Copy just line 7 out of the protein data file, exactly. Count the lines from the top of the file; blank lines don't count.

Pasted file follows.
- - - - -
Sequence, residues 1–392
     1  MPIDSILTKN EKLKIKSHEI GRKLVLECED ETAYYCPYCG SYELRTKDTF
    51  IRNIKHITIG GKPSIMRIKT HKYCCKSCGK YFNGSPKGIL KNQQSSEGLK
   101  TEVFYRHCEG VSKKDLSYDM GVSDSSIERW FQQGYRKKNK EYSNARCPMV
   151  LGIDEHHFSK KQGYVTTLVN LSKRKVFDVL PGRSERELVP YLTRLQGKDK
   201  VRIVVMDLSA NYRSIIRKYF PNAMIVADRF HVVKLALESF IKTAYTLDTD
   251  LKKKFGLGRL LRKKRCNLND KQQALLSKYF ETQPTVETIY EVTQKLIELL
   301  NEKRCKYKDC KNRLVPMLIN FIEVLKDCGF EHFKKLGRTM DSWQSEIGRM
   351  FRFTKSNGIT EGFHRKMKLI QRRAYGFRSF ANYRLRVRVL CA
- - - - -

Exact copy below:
   251  LKKKFGLGRL LRKKRCNLND KQQALLSKYF ETQPTVETIY EVTQKLIELL